Zhakiyanov sought refuge in the French Embassy after eluding a police arrest attempt at his residence during the night of March 28-29. French diplomats have rejected official Kazakhstani requests to hand over Zhakiyanov, a former governor of the northern Pavlodar regions and currently a leader of the opposition movement, Democratic Choice of Kazakhstan (DCK).
The incident involving Zhakiyanov is part of a broader crackdown against politicians, business executives and mass media outlets aligned with DCK. [For background see the Eurasia Insight archive]. Zhakiyanov is accused of abuse of power while in office in the Pavlodar region. Another DCK leader, former Energy Minister Muhtar Ablyazov, was taken into custody March 28 on similar abuse charges.
Authorities maintain the criminal charges against both Zhakiyanov and Ablyazov have no connection to a campaign against DCK. "Investigations are being carried out into similar, purely criminal cases brought against a number of other [officials] in corruption-related cases," said a statement released by the Kazakhstani Foreign Ministry. "There can be no talk of any prejudice.
"On the contrary," the statement continued. "The measures [against corruption and abuse of power] are aimed at strengthening democracy and freedom of speech."
In contrast to Kazakhstani government statements, OSCE officials noted a disconcerting rise in political tension, adding that security officers had used excessive force against journalists attempting to cover the embassy incident.
The OSCE's comments followed an April 2 incident outside the embassy during which security officers reportedly beat a member of the Kazakhstani Senate, Zauresh Battalova, while she was trying to prevent police harassment of television camera crews.
Representatives of independent media outlets report that they are under intense government pressure. Editors at TAN-TV said a transmission cable was cut by suspected government agents. The editorial offices of some newspapers, including Vrema Po, are under police surveillance, some journalists added.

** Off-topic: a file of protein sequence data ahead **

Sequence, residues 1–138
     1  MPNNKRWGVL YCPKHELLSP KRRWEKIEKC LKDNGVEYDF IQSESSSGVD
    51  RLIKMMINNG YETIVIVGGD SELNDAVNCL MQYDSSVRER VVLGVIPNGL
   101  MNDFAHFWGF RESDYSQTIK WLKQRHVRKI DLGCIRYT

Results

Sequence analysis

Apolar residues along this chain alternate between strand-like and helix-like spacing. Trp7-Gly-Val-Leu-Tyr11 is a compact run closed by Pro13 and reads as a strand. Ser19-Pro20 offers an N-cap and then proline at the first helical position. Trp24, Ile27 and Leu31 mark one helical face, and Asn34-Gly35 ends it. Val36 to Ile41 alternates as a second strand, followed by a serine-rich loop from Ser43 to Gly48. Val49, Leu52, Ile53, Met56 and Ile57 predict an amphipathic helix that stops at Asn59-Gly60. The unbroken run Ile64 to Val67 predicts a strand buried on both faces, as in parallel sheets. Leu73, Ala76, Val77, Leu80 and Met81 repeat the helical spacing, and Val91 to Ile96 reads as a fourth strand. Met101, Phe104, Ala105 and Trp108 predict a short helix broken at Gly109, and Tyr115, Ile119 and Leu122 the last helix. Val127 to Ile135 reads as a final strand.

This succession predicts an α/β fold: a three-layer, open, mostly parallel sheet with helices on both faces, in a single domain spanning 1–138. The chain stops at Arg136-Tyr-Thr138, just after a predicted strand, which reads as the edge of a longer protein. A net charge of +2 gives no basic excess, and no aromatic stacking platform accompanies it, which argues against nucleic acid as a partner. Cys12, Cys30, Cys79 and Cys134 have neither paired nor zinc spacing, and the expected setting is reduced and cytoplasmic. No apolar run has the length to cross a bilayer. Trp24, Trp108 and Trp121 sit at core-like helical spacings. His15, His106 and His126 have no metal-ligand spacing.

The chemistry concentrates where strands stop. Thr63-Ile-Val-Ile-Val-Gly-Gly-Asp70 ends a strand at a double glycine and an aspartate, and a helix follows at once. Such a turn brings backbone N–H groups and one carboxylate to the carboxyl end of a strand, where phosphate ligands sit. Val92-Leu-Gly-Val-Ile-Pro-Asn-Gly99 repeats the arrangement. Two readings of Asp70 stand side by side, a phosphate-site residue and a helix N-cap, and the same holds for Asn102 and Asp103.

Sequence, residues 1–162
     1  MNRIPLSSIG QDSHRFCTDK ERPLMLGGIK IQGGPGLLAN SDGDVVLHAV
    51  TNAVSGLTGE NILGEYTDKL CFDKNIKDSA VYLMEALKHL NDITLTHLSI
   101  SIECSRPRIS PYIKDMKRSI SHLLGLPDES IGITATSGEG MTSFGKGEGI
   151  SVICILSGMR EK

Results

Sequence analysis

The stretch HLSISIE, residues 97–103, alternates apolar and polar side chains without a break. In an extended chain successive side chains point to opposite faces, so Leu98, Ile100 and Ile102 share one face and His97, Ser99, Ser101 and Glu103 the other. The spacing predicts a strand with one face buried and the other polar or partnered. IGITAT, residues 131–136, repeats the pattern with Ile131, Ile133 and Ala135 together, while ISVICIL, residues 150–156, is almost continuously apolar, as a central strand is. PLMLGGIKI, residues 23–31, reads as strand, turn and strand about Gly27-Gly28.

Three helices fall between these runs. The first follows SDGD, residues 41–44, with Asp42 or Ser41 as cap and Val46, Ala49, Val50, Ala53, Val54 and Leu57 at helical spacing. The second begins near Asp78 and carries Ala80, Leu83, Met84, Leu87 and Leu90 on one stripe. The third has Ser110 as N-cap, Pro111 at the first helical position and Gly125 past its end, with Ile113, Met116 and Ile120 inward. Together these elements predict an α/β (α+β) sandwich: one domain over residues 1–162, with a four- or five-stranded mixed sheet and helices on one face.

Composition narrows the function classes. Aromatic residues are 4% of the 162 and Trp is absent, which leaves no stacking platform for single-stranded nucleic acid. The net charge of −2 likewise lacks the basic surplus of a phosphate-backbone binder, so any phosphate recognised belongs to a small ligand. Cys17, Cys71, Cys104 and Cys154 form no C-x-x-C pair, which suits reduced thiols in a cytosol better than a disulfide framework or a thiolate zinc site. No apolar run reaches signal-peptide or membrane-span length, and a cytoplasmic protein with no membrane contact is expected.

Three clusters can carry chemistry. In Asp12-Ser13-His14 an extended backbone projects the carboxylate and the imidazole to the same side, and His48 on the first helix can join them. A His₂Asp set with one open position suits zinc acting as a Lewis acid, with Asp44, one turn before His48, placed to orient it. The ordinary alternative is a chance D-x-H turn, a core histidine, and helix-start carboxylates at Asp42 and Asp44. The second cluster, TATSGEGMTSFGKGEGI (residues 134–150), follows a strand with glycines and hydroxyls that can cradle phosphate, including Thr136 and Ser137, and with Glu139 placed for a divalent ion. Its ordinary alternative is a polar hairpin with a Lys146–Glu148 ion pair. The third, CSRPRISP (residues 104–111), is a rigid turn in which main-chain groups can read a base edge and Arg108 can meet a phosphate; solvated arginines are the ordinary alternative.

The DCK's executive council has issued an appeal to European diplomats asserting that Zhakiyanov is a target of political repression, and that he should not be handed over to Kazakhstani authorities. The arrest warrant was issued shortly after Zhakiyanov returned to Kazakhstan from a late-March trip to Paris, where he met with former Prime Minister Akezhan Kazhegeldin to discuss a political alliance against Kazakh President Nursultan Nazarbayev.
In a letter distributed April 1, Zhakiyanov declared that he would carry out a hunger strike and would seek to remain in the French Embassy until he received personal assurances from Nazarbayev that his basic rights would be upheld. He said the charges against him were politically motivated and friends and relatives had faced safety threats from authorities.
Political tension in Kazakhstan has been building since November, when DCK was formed. The opposition movement, which counts several prominent business tycoons among its leaders, originally pursued a non-confrontational policy towards Nazarbayev, in the hopes of sharing power with him, rather than replacing him. The president, however, has responded with repressive measures. In a speech to law enforcement officials on March 29, Nazarbayev issued a blunt warning to Kazakhstani entrepreneurs to stop meddling in politics.
"We need them [entrepreneurs] - both large businesses and especially small- and medium-sized businesses," Nazarbayev said. "We should and will support them in the future, too. But they should not interfere either directly or indirectly, through their people in power, in taking political decisions."
Since Nazarbayev issued the warning, at least one DCK leader - Yerzhan Tatishev, the chairman of a Kazakhstani bank - has announced he will cease political activities. "The very decision to join [the DCK leadership] was originally taken by all banks somewhat spontaneously," Tatishev said in an April 1 television interview. "Taking part directly or indirectly, through managers, in various political movements is not correct with respect to the professional form of business."
Aldar Kusainov is a Central Asia-based
reporter who employs a pseudonym out of fear of government